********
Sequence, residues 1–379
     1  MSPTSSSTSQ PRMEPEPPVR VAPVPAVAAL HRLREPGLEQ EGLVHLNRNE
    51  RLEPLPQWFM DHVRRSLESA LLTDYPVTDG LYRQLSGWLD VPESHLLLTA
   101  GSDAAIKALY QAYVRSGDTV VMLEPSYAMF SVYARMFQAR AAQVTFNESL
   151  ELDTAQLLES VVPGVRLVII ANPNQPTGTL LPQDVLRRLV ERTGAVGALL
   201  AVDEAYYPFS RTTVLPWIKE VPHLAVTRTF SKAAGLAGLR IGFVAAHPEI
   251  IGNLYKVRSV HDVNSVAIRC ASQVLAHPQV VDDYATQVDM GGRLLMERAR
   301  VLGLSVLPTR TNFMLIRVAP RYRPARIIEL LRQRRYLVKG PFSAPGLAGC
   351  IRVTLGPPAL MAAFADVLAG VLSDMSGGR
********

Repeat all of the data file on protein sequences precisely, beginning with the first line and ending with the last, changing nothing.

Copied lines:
Sequence, residues 1–379
     1  MSPTSSSTSQ PRMEPEPPVR VAPVPAVAAL HRLREPGLEQ EGLVHLNRNE
    51  RLEPLPQWFM DHVRRSLESA LLTDYPVTDG LYRQLSGWLD VPESHLLLTA
   101  GSDAAIKALY QAYVRSGDTV VMLEPSYAMF SVYARMFQAR AAQVTFNESL
   151  ELDTAQLLES VVPGVRLVII ANPNQPTGTL LPQDVLRRLV ERTGAVGALL
   201  AVDEAYYPFS RTTVLPWIKE VPHLAVTRTF SKAAGLAGLR IGFVAAHPEI
   251  IGNLYKVRSV HDVNSVAIRC ASQVLAHPQV VDDYATQVDM GGRLLMERAR
   301  VLGLSVLPTR TNFMLIRVAP RYRPARIIEL LRQRRYLVKG PFSAPGLAGC
   351  IRVTLGPPAL MAAFADVLAG VLSDMSGGR